A University of Missouri-Columbia occupational therapy professor suggests that the above-mentioned complementary medications could prove more effective in treating the condition, than the conventional medicines.
Some of the medications for the syndrome have side effects that make it difficult for patients to perform their everyday jobs.
However, Guy McCormack, chair of the Department of Occupational Therapy and Occupational Science in the MU School of Health Professions, with the help of a case study, has demonstrated that some modifications in performing daily activities and use of certain adaptive devices can help reduce the perception of pain, and hence provide relief to the patient.
To test his theory, McCormack picked up the case study of his chronic back pain patient Mr. Jones, who could not sleep, bend or stand for long periods of time and couldn't lose weight because the pain kept him from exercising.
McCormack treated Jones with acupressure, modifications in performing daily activities and adaptive devices, such as a long handle reacher that allowed him to put on socks without bending over.
Within one month, Jones was able to get through the day with improved performance, better sleep and less pain medication. He also was taught how to do modified exercises, yoga and use lumbar support while driving and sleeping.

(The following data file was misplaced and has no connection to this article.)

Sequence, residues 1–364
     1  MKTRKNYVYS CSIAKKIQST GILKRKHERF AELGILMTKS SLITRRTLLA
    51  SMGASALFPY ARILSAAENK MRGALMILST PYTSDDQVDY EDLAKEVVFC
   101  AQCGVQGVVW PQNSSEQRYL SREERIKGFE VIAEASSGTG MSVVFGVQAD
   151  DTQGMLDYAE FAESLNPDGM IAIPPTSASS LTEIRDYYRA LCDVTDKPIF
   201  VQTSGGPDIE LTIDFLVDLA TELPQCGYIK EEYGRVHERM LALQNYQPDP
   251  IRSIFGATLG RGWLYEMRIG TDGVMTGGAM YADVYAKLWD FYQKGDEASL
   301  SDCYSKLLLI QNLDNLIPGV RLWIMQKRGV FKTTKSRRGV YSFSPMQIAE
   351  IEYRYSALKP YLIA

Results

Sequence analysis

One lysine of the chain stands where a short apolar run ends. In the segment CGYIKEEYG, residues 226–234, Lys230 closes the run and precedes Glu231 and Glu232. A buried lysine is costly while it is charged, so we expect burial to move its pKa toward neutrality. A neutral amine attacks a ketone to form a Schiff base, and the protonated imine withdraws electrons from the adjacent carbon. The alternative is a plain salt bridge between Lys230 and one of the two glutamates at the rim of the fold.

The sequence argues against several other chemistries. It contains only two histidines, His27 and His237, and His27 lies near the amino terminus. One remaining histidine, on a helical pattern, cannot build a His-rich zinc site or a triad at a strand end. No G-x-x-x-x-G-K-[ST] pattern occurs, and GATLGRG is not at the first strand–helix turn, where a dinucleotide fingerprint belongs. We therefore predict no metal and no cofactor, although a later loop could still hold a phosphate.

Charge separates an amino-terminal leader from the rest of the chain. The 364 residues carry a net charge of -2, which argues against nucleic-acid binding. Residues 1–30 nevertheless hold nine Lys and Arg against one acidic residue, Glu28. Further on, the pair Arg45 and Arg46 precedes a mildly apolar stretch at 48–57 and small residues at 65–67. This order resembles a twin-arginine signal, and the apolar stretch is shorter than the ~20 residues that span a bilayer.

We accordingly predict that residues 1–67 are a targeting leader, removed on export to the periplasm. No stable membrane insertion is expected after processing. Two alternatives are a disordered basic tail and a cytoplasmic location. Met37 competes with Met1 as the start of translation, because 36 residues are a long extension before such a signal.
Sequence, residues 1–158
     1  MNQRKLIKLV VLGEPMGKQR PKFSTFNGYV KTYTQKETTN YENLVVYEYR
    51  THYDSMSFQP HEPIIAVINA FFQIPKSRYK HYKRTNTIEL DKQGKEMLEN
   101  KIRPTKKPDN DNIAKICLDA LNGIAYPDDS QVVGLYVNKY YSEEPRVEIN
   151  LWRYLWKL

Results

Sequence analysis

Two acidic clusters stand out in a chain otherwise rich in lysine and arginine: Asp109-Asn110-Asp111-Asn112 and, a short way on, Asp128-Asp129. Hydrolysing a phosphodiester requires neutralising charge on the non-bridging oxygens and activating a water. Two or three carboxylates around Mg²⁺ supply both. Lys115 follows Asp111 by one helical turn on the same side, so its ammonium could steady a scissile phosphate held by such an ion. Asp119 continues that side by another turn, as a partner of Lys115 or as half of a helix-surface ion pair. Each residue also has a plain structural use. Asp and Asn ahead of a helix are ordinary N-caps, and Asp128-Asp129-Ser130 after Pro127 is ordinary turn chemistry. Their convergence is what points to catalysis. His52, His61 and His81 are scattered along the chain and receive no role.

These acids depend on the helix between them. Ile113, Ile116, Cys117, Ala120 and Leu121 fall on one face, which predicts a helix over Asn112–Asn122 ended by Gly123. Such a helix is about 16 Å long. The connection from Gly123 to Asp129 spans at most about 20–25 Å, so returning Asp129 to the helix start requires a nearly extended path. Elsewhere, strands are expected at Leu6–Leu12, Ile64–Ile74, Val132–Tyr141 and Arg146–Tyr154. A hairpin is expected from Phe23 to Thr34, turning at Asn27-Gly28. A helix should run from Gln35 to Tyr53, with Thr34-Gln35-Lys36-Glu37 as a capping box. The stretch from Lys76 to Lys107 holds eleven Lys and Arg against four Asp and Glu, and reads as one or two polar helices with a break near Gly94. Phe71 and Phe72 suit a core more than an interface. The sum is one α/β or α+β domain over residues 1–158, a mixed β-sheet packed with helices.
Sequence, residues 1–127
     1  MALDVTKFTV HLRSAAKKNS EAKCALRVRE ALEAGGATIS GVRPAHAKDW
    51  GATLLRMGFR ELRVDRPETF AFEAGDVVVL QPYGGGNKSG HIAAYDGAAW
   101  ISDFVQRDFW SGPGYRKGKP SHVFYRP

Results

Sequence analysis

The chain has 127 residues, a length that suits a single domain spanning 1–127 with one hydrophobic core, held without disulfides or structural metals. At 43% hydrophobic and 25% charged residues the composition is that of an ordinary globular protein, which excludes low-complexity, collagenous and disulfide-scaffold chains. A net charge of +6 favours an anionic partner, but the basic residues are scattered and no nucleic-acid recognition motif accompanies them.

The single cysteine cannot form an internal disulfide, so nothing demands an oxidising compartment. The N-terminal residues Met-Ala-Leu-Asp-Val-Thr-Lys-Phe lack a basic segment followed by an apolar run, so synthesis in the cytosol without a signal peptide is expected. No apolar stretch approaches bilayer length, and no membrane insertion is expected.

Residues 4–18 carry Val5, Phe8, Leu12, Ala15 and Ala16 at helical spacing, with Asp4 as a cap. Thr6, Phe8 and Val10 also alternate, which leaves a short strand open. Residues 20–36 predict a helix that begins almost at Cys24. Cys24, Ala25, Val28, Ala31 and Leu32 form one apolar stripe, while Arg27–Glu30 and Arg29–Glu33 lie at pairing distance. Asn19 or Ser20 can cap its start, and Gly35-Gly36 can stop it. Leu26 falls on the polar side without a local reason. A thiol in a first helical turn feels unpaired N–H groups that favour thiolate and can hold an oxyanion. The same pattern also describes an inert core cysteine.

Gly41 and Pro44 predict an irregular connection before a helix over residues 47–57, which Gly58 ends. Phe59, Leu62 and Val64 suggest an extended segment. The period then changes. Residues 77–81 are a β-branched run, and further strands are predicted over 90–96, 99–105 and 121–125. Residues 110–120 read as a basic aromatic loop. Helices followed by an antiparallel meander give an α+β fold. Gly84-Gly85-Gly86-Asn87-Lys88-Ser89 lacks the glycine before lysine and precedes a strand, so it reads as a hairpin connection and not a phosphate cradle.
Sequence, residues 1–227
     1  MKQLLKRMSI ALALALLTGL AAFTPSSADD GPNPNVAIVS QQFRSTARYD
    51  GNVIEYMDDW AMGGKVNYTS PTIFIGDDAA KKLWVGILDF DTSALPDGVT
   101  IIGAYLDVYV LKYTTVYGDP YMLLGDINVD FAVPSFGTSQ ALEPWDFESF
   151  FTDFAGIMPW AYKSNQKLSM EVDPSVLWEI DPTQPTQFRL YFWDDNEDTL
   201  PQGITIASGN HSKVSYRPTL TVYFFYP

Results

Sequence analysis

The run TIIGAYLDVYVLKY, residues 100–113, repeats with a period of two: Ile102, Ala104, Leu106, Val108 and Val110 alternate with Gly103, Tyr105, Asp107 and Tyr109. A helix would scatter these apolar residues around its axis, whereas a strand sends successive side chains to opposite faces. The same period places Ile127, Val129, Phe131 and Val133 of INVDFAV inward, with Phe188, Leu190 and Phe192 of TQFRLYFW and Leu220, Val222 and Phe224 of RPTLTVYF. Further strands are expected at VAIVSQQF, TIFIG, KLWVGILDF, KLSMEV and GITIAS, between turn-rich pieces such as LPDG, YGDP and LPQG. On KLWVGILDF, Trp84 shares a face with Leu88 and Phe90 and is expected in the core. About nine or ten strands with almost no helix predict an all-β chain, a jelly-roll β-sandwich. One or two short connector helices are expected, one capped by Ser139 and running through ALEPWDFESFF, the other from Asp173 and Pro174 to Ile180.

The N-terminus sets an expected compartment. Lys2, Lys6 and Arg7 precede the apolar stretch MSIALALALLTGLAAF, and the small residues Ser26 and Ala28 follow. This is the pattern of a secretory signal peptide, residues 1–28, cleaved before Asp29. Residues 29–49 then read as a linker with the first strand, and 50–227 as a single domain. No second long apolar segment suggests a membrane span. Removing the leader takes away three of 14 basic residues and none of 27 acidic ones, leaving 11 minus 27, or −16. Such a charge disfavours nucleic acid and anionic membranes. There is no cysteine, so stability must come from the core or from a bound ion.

"It is important to get patients who are inactive because of pain involved in purposeful activities; it also helps reduce the perception of pain," said McCormack.
He added that modifications, such as teaching better body mechanics, finding ways to simplify daily activities and use of assistive devices are all important ways to help with chronic pain. Relaxation techniques, breathing techniques, imagery and visualization can all help with how patients perceive pain.
"It gives patients more control over their pain instead of just having someone hand them a pill. It also helps alleviate the concerns some people have about dependency and addiction with medication," he said.
He further explained that complementary therapies also can be used to alleviate side effects from medications, such as chemotherapy. Patients with terminal illnesses may need to be taught relaxation techniques or be given special emotional support to take their minds off what is happening, he said.
"Complementary practices do not compete with conventional medicine whereas alternative medicine might. Acupuncture, chiropractic care, Indian or eastern medicine are considered alternative medicine and are less accepted by the conventional medical community. Doctors are more accepting of other methods if it complements what they are doing," McCormack said.
The study was recently published in OT Practice, a journal of The American Occupational Therapy Association.